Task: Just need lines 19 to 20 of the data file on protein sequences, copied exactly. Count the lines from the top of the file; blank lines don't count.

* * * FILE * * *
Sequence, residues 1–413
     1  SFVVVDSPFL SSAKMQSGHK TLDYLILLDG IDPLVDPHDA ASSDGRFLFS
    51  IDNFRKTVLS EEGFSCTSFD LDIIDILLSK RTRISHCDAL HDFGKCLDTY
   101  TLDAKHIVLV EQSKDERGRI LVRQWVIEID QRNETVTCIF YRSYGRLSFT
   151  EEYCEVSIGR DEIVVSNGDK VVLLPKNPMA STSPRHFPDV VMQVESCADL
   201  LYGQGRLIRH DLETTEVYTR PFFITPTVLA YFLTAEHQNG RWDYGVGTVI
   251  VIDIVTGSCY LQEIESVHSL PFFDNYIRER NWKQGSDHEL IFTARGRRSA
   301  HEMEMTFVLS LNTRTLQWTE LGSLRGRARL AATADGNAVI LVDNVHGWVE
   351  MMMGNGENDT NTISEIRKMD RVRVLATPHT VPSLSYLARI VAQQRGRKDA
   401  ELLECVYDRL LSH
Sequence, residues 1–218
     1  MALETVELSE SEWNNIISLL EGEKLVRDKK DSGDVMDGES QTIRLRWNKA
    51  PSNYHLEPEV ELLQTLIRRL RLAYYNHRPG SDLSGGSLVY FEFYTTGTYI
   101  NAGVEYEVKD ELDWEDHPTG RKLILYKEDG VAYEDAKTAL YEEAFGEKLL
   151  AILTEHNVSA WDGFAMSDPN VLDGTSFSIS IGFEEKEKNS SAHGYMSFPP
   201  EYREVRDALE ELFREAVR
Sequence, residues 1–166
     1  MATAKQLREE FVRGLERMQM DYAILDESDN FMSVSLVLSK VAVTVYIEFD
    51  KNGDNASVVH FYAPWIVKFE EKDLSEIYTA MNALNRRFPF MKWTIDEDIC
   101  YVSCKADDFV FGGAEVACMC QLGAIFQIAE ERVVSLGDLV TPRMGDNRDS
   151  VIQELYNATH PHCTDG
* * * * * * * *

    51  KNGDNASVVH FYAPWIVKFE EKDLSEIYTA MNALNRRFPF MKWTIDEDIC
   101  YVSCKADDFV FGGAEVACMC QLGAIFQIAE ERVVSLGDLV TPRMGDNRDS